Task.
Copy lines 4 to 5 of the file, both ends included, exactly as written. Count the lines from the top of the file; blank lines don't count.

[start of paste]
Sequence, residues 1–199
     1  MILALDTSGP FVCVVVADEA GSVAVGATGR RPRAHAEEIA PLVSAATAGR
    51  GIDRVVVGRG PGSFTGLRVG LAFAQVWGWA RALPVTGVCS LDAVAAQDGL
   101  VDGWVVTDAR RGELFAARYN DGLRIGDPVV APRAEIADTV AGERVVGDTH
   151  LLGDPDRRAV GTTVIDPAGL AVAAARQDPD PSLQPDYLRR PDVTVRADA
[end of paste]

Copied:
   101  VDGWVVTDAR RGELFAARYN DGLRIGDPVV APRAEIADTV AGERVVGDTH
   151  LLGDPDRRAV GTTVIDPAGL AVAAARQDPD PSLQPDYLRR PDVTVRADA